All hunky-dory at ‘operating’ empowerment company
INSINUATIONS THAT Mvelaphanda Resources’ main shareholder and black economic empowerment company Afripalm Resources was sinking under the weight of a heavy debt load are completely unfounded and misplaced, as the company is “as healthy as healthy can be.” That’s according to Afripalm executive director Ragi Munsammy, who phoned Finweek after last week’s Directors’ Dealings report.
“Brother, in no way are we financially challenged in any form,” declared Munsammy a day after the report was published. In our report we commented on a hedging transaction in Mvelaphanda Resources in which Afripalm completely missed the share’s forward valuation by accepting a zero cost collar (settlement 29 March 2011) with a ceiling of 4 597c/share (total consideration was R18m lower than market price at R137m) when the underlying price bolted 750c to 5 200c a day after the hedge contract. We speculated the nagging rumours of Afripalm’s alleged indebtedness to Nedbank were to blame for the “hurried transaction”.
Says Munsammy: “In no way is Afripalm in breach of any of its debt covenants, brother. The company is in good financial health.” Afripalm is represented on the Mvela Resources board by its chairman, Lazarus Zim, who is also the listed com- pany’s non-executive chairman. Through a company called Newshelf 947, Zim hedged 3m Mvela shares on a facility “against which Afripalm has raised working capital and will redeem liabilities”.
Even though no shares were sold during the hedging transaction, Munsammy says the reason for the hedge was to “generate cash flow for the operations of the company (Afripalm) as revenue (realisation) is a long and tedious circle” for the kind of long-term mining investments Afripalm undertakes.
A former Anglo American CE, Zim directly owns 20% of Newshelf 947. “Newshelf has a block of unencumbered shares in Mvela that it’s sold to meet cash flow needs,” says Munsammy. Those have nothing to do with Afripalm’s 43m shares in Mvela Resources. Munsammy also says the cash from the hedge flows to Afripalm as “fruits of our labour, brother”.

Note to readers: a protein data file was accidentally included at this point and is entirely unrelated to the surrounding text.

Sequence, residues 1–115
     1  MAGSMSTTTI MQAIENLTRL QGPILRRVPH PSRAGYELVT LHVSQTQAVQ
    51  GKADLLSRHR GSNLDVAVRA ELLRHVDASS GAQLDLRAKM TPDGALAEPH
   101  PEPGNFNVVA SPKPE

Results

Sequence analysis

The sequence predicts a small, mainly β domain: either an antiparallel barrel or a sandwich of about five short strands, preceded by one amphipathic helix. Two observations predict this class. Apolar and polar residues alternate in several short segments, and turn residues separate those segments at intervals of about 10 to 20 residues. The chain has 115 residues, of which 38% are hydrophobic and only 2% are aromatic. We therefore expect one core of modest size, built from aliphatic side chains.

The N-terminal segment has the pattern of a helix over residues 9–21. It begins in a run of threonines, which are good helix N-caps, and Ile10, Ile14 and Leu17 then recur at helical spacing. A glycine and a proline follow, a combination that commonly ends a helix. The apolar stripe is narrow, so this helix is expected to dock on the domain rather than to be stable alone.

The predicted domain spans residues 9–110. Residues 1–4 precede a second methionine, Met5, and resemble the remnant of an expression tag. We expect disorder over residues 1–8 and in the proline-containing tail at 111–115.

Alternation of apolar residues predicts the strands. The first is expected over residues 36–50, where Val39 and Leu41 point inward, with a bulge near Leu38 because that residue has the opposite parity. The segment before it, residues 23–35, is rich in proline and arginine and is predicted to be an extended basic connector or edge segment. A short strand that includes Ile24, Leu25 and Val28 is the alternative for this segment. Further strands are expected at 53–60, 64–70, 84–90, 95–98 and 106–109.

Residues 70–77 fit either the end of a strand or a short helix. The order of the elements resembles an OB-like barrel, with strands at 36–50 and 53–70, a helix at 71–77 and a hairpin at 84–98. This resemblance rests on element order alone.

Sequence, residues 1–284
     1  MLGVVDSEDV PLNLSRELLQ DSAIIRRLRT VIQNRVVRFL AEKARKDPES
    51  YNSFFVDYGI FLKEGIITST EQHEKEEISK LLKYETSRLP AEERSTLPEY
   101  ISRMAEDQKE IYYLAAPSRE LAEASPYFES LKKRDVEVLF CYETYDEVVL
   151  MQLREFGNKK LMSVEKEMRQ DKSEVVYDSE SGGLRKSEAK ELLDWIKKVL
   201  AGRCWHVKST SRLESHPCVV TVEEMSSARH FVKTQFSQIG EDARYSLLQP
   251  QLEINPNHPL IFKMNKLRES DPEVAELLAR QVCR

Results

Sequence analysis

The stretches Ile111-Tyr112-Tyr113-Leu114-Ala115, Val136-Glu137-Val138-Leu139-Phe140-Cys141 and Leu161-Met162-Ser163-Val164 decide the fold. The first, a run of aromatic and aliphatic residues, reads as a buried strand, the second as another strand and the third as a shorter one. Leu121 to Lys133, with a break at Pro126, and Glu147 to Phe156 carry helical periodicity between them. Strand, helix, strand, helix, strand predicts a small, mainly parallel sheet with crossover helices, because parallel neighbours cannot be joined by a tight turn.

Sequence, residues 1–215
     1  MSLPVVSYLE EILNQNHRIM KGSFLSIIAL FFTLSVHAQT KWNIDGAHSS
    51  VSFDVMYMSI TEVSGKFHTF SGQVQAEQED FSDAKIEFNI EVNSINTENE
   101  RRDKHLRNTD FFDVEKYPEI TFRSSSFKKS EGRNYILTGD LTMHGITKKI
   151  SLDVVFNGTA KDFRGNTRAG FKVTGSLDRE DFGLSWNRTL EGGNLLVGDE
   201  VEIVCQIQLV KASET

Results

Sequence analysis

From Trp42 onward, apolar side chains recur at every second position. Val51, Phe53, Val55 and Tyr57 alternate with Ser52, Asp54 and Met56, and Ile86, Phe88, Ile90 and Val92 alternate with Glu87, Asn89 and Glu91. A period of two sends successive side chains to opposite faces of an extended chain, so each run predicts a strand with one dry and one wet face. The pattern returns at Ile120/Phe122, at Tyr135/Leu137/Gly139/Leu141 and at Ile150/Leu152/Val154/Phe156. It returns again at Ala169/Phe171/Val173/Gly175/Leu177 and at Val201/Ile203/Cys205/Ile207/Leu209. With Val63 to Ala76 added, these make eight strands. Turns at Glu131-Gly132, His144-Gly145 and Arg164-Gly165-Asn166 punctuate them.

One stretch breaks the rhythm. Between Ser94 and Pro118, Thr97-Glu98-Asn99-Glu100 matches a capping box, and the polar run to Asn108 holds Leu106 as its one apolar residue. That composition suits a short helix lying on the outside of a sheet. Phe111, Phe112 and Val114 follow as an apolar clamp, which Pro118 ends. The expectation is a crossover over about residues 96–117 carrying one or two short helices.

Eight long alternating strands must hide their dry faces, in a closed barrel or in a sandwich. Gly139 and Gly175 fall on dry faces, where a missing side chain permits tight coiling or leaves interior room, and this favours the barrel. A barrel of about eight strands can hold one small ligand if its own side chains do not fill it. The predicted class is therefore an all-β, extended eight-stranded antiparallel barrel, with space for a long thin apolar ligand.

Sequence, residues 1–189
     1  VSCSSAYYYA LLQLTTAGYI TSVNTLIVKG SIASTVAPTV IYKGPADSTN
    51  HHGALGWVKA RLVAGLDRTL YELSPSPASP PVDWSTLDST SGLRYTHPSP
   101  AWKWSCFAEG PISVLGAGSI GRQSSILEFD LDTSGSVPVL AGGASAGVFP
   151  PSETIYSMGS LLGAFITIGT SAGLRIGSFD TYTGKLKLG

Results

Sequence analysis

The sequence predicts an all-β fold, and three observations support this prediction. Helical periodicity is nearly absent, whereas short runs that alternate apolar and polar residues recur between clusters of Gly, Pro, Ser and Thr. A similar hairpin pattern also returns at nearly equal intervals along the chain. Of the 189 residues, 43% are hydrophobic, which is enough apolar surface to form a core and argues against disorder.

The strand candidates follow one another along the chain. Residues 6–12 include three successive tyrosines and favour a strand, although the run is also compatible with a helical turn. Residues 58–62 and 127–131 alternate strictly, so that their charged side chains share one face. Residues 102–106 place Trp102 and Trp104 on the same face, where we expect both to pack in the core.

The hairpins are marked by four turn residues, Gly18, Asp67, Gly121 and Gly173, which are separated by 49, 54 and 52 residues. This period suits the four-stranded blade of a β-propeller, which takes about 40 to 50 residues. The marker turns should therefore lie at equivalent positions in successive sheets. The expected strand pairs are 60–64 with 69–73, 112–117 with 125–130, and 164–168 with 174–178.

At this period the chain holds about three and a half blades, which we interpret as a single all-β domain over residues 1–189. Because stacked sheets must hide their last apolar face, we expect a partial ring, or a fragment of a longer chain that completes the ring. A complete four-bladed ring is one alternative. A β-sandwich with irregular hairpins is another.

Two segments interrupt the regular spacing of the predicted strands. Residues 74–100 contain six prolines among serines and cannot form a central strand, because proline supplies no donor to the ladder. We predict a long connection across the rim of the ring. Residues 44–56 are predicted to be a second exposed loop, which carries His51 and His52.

Whereas Finweek published the existence of rumours that threatened Afripalm’s existence and alleged financial difficulties under a generally depressed equities (and therefore underlying empowerment deals) market Munsammy corrected us, saying Afripalm was “one of few operating companies still standing in this global economic recession storm”.
Munsammy says Mvela Resources is Afripalm’s primary investment – but not the only major one. “Brother, Lazarus Zim gets up every day and goes to work. He’s one of very few hardworking executives. We look at a lot of (possible) transactions on a daily basis.”
Munsammy says Afripalm has been an operating entity for the past three years, with another major asset being Micawber 469 (Pty) Ltd. However, according to Afripalm’s website, Micawber is an exploration joint venture with Anglo American on 19 593ha of farmland in the Bela Bela district of Limpopo. “We’ve put on hold the exploration of Micawber – we haven’t abandoned it,” admitted Munsammy. Without committing to the future of the project, Munsammy says Micawber’s minerals exploration didn’t yield “promising” results.
“Brother, in no way are we financially challenged in any form”